Ed Gets Past 3rd Base With 4K Blu-ray
Dredd is a fantastic film; laser focused, true to the spirit of the comic book character, and filled with ratcheting tension and killer hard-R action set pieces. That it resembles The Raid in structure and didn’t light the box office on fire are incidental to how truly awesome the film itself is.
It’s great news, then, that it’s getting the 4K Blu-ray treatment from Lionsgate. Rumors are swirling as I type that Karl Urban, the titular (and definitive… Sorry, Sly) Dredd, may be returning to voice the character in an adult-skewing animated television show exploring Mega-City One. I would absolutely welcome that since this property has so much sci-fi action gold to mine. And since this film garnered fan and critical acclaim but no financial breakthrough, an animated series sounds like a perfectly wonderful way to keep this property in front of people’s eyeballs. The re-release of this film on 4K is another!
Shot and designed for a 3D experience, this release actually includes a 3D Blu-ray disc, though the 4K disc does not support 3D. There was a visual intention behind the design of this film that really keeps it memorable, with or without 3D. A new drug called Slo-Mo is circulating through Mega-City One and its users experience reality in a slowed down state that is visualized here with stunning clarity and color. What could have been a gimmick becomes a central plot device and a trademark visual of the film. The experience of falling off of a skyscraper on Slo-Mo, for instance, feels like eternity for the poor schmuck doing the falling. And director Pete Travis and cinematographer Anthony Dod Mantle (heck, even composer Paul Leonard-Morgan) take every opportunity to make this Slo-Mo storyline pop, ripple, and explode. While this film takes place almost entirely in the slum-like Peach Trees mega tower, making it a dreary and dark affair, the film nevertheless becomes an enjoyable title to experience on 4K due to this visual flair.
Taking place over a single day, writer Alex Garland drafts a clean and entertaining adventure for Dredd which also humorously insinuates this is “just another day” for The Law. Informing his trainee, the psychic new recruit Anderson (Olivia Thirlby), that Judges are only able to respond to roughly 6% of the sprawling mega city’s crimes, Dredd and Anderson simply answer a call to the nearest triple homicide, and soon find themselves trapped in the tower of the dreaded gangster Ma-Ma (Lena Heady crushing it as a scarred drug lord) with no way to escape except to kill ’em all. In this apocalyptic future, Judges act as jury and executioner, barely containing the chaos of mega cities surrounded by scorched wastelands. Dredd is a kind of embodiment of the oppressive state, while at the same time being the uncontested hero of the story. There’s a wonderful balance struck of thrilling entertainment and square-jawed (and frown-faced) triumph of The Man. The satire elements are sprinkled just liberally enough through this otherwise kickass action movie that it all feels just right. One almost feels that Dredd’s singular and unwavering devotion to the law is the key to holding this tenuous society from teetering right off the brink. Yet here in 2017 (and even written into this “day in the life” story) we experience a corrupt and broken system of law all the time, and we’re reminded that it’s a dangerous thing indeed for anyone to have the power of judge, jury, and executioner.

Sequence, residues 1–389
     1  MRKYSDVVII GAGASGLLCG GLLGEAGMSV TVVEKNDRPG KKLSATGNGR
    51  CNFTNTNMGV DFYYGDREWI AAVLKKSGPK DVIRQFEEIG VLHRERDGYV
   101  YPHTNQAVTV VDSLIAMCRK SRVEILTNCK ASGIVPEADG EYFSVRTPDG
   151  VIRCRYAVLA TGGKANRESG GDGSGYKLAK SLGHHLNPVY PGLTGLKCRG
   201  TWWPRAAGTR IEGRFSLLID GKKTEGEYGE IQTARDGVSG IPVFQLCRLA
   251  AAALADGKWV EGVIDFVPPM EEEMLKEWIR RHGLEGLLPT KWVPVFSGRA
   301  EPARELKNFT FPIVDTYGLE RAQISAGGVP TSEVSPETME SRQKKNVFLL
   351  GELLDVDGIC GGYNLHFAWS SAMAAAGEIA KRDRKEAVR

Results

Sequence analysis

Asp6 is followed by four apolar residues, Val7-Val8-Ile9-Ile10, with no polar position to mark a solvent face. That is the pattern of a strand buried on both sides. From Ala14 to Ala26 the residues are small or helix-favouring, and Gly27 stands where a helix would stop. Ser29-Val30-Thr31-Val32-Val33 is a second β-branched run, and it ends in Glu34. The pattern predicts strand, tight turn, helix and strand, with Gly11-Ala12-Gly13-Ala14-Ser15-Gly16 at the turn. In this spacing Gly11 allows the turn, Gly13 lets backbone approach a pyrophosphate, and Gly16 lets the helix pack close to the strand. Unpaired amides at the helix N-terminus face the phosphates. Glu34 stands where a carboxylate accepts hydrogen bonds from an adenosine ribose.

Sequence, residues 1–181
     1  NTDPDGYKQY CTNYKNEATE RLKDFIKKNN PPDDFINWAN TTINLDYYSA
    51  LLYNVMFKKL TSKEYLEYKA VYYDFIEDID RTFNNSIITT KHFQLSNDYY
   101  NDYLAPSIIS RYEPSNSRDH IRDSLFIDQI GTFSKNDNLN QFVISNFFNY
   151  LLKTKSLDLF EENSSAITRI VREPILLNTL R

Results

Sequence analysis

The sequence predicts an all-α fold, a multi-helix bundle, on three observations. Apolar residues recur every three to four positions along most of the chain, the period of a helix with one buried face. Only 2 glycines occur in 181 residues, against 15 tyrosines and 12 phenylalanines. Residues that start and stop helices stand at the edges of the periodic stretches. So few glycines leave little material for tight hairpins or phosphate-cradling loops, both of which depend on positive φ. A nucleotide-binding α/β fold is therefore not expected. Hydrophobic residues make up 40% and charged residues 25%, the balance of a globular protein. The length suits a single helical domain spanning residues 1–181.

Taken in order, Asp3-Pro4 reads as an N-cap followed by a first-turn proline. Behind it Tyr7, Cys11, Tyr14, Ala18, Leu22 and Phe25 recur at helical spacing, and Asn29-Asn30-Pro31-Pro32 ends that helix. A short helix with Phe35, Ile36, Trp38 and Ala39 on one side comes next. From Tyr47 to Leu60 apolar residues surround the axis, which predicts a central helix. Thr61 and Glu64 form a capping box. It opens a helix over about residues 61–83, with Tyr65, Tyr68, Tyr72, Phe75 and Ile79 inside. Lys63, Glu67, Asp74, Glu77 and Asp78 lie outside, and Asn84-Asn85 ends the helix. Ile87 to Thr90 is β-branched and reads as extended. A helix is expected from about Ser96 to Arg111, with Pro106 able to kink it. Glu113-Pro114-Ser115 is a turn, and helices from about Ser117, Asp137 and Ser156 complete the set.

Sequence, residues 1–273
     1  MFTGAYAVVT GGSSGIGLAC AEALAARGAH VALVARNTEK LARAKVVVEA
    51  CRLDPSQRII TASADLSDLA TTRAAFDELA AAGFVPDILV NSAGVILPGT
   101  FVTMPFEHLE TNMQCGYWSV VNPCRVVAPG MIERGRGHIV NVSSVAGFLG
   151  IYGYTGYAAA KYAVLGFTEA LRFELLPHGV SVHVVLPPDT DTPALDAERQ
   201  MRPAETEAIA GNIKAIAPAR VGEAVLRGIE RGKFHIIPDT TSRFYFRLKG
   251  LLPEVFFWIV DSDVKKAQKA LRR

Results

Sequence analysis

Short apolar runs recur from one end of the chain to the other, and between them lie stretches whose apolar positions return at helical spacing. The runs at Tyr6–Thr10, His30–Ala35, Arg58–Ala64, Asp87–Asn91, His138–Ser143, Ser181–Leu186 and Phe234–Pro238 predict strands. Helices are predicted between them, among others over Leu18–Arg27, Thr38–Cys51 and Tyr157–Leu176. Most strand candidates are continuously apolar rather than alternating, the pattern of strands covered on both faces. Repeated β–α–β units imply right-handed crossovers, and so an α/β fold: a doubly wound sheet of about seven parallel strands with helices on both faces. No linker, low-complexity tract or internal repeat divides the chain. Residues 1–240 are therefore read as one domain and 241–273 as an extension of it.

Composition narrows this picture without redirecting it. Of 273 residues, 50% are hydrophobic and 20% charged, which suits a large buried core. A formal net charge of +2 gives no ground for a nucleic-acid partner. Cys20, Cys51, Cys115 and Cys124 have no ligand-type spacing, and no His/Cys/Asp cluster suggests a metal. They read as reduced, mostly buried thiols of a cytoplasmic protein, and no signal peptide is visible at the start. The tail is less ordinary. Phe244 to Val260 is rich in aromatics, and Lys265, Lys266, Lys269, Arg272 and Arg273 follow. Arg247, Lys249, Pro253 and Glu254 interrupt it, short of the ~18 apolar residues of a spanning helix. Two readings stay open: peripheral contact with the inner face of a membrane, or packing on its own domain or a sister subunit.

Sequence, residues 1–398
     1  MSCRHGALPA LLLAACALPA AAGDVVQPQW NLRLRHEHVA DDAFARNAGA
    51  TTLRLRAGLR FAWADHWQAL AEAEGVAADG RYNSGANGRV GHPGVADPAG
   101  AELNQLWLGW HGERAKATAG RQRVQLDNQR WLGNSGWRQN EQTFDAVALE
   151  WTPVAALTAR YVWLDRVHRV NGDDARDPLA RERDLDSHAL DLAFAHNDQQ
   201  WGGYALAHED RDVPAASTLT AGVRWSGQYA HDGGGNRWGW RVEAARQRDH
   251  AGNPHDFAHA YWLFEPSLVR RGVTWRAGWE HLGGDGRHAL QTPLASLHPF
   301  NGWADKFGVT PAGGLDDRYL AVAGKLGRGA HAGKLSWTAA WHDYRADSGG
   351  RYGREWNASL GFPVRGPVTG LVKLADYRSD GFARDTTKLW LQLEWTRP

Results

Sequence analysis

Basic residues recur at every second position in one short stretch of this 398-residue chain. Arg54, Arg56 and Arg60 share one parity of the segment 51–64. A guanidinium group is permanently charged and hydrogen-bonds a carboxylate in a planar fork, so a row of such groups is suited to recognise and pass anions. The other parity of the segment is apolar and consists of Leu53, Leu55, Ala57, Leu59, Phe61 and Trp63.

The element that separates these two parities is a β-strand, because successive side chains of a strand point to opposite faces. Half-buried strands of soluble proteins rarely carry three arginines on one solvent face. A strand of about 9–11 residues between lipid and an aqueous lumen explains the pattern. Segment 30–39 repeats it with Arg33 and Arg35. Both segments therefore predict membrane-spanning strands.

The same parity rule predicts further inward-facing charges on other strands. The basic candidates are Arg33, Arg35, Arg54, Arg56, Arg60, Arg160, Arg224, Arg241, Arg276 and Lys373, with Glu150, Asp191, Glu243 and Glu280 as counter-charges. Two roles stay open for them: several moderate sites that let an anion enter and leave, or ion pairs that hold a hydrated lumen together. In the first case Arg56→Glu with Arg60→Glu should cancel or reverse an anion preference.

So much of the impetus for Dredd to keep being adapted and readapted for current mediums is the brilliant foundation the original character was built on in the pages of British comics 2000 A.D. Creators John Wagner and Carlos Ezquerra have simply created an iconic and enduring character that, while maybe not hugely mainstream in the United States, nevertheless remains compelling and relevant. Famously never depicted without wearing his signature helmet, Dredd is always The Law. This trope was abandoned in Stallone’s Judge Dredd, much to fans’ dismay. And while this critic finds a lot to like in the high profile failure of that project, 2012’s Dredd nails Wagner and Ezquerra’s character far more squarely than 1995’s adaptation. The world Dredd traverses is also a major ingredient to the endurance of the character. We’re obsessed with post apocalyptic societies and the Mega-Cities built atop the earth’s scorched remains feel like a distinct and unique element of this particular apocalypse. A billion stories could be told (and have been told over the years) about the goings on in Mega-City One. Which is another reason the “day in the life” approach of this film works so wonderfully. Had Dredd taken off financially, there clearly would have been many more stories to tell in the chaotic mega city, and this fan would have loved to see what else Travis and Garland might have had up their sleeves.
Succeeding as an action movie, a comic book adaptation, a tonally tricky science fiction narrative, and a visually compelling live action adaptation, Dredd’s only true failing was its disappointing box office. This 4K release reissues a killer film onto a new market which may be exclusively populated by pre-existing fans and collectors, but certainly does showcase a film that all involved can be proud of. While not the most visually dynamic of the expansive 3 total films I’ve experienced in 4K UHD so far, Dredd does make its case for inclusion in this niche format.
Disc 1–4K Ultra HD
- “Mega-City Masters: 35 Years Of Judge Dredd” Featurette
- “Day Of Chaos: The Visual Effects of Dredd 3D” Featurette
- “Dredd” and “Dredd’s Gear” Featurettes
Disc 2 — Blu-ray (Includes 2D and 3D Presentations)
- “The 3rd Dimension” Featurette
- “Welcome To Peach Trees” Featurette
- DREDD Motion Comic Prequel
- Theatrical Trailer
And I’m Out.
Dredd is now available on 4K UHD from Lionsgate Home Entertainment